Please Advise! I'm the Speaker, Not Parliament's Babysitter

If anyone can help turn petulant crybabies into dignified MPs, it's totally Steve Burgess.

By Steve Burgess 30 Sep 2014 | TheTyee.ca

Steve Burgess writes about politics and culture for The Tyee. Find his previous columns here.

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Photo of 'L'affaire Calandra' by Press Progress.

[Editor's note: Steve Burgess is an accredited spin doctor with a Ph.D in Centrifugal Rhetoric from the University of SASE, situated on the lovely campus of PO Box 7650, Cayman Islands. In this space he dispenses PR advice to politicians, the rich and famous, the troubled and well-heeled, the wealthy and gullible.]

Dear Dr. Steve,

I am at my wit's end. Every day I am forced to deal with a room full of unruly children. They don't listen to me -- it seems my authority means nothing. A bunch of kids in short pants are running rampant while I sit in the middle like a glorified babysitter. They don't pay me enough to do this job, but I can't go on strike. I'm non-union -- there's only one of me.

What to do?


The Honourable Andrew Scheer
Speaker of the House
Parliament Hill, Ottawa

Dear Mr. The Honourable,

It's so easy for outsiders to judge, isn't it? Smug, childless types who see some little tyrant going berserk in a supermarket check-out line because Mom won't buy him a Snickers bar -- we're so sure we could do better. We'd keep that punk in line. And if we were Speaker of the House, we'd show discipline. We'd get Conservative MP Paul Calandra to treat Question Period with respect instead of spouting non-sequiturs about Israel. We'd soon have those childish, hooting, heckling MPs in check. We'd restore dignity to Canadian politics.

Sure. The problematic word there is "restore." There is considerable argument over whether parliaments and congresses have ever been anything other than houses of ill-repute, here or elsewhere. Certainly those who say the problem has lately become worse must deal with the example of Representative Preston Brooks, who in 1856 beat Senator Charles Sumner nearly to death with a cane on the floor of the U.S. Senate. There's never been a whole lot of respectful behaviour in the halls of governance.

But having said that, Mr. Speaker, you have not done much of a job. When you made your statement in reply to Opposition Leader Thomas Mulcair's criticism, you proclaimed that as far as you're concerned non-answers are a non-problem, repeating a previous Speaker's little joke: "That is why it's called Question Period, not Answer Period." Very true. That's also why it's called "cynical bullshit," not "responsible governance."

A chance for change

We long ago realized that we can't really expect much from Question Period other than gamesmanship, heckling, and schoolyard taunts. But L'affaire Calandra has at least thrown a spotlight on the issue and that provides you, Mr. Speaker, with a chance to make changes. One approach would be to use your powers to force politicians to treat each other with dignity and respect, and coerce government ministers to provide serious answers to serious questions. After that, you can stop people from mentioning Hitler in online comment threads, achieve consensus on proper toilet paper installation, and convince Justin Trudeau and Ezra Levant to hug it out.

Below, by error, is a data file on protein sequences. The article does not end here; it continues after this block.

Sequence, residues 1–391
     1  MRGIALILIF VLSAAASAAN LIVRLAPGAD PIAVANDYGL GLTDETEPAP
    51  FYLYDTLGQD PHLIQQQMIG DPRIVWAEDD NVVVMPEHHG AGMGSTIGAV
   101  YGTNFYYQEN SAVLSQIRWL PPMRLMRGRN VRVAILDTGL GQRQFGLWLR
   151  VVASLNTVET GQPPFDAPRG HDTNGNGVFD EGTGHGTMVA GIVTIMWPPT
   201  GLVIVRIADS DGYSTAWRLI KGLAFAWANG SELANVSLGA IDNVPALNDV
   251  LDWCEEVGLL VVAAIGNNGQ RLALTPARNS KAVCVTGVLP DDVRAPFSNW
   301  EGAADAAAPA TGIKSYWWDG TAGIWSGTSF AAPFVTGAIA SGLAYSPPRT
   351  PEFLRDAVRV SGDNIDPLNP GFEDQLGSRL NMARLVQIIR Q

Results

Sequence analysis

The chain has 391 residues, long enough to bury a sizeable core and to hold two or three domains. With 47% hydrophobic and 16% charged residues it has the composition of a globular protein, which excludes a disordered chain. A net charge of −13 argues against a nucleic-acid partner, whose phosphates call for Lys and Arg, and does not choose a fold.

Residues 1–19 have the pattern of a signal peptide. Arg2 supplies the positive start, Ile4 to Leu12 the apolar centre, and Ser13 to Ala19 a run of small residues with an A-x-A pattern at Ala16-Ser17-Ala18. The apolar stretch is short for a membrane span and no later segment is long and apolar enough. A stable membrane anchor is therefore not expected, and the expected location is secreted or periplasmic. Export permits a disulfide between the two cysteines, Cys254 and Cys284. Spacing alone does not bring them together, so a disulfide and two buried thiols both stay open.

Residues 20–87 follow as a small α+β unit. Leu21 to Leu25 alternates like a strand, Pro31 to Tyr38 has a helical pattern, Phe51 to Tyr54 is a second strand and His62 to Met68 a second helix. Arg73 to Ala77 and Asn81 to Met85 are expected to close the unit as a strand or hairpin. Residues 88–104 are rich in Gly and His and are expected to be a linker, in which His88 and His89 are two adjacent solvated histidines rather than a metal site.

But failing all that -- as you surely must -- why not make Question Period a truly useful source of information? When an opposition MP asks a question about, say, our activities in Iraq, why not suggest that government members reply with tasty recipes or home repair tips? This time of year, a lot of us are being driven crazy by swarms of fruit flies in the kitchen. What if Paul Calandra had answered Thomas Mulcair with a list of handy suggestions for dealing with these infestations? He'd be a hero instead of a pariah, and people would once again realize that Canadian politicians can play a helpful role in our lives, even as they avoid accountability like eight-year-olds avoid Brussels sprouts.

Recently, NDP MP Charmaine Borg opened up even more Commons possibilities with her offer to mention any name in the House in exchange for a $50 contribution. Even better, Borg offered to say "Resistance is futile" for $1,000, the price reflecting her canny assessment of Star Trek fanaticism. (Too bad Quebec Liberal candidate Michel Picard was defeated in 2011 -- he'd have battled Borg. Maybe MP/astronaut Marc Garneau could handle this threat?) Borg's innovative approach could see MPs follow the example of English Premier League soccer teams or even NASCAR drivers and cover themselves with advertising. It might even help voters understand each party's platform. When a Conservative MP rises to speak in the House wearing a shirt that shows off the Pennzoil logo, it could go a long way toward clarifying the official government position.

Elsewhere, in democracy...

There are places in the world where democracy is having a good month. Massive turnout in Scotland's recent independence referendum showed what can happen when the populace is truly engaged, and unlike me, most voters probably focused on deeper issues than the potential loss of Ginger Spice's wardrobe.

Meanwhile, courageous protesters have flooded the streets of Hong Kong, fighting to keep what modest portion of democracy Beijing has allowed them. Hong Kong has more political freedom than mainland China, and unrestricted web access too. Ordinarily, I am opposed to the kind of censorship employed by the Chinese government, which bans websites like YouTube, Facebook, and Twitter in mainland China. But in this case, I am almost sad to know that YouTube is still available in Hong Kong. I would hate to have those valiant Hong Kong residents see videos of Paul Calandra in Question Period and think, "This is what we're risking our necks for?" They might just put down the signs and go home.  [Tyee]

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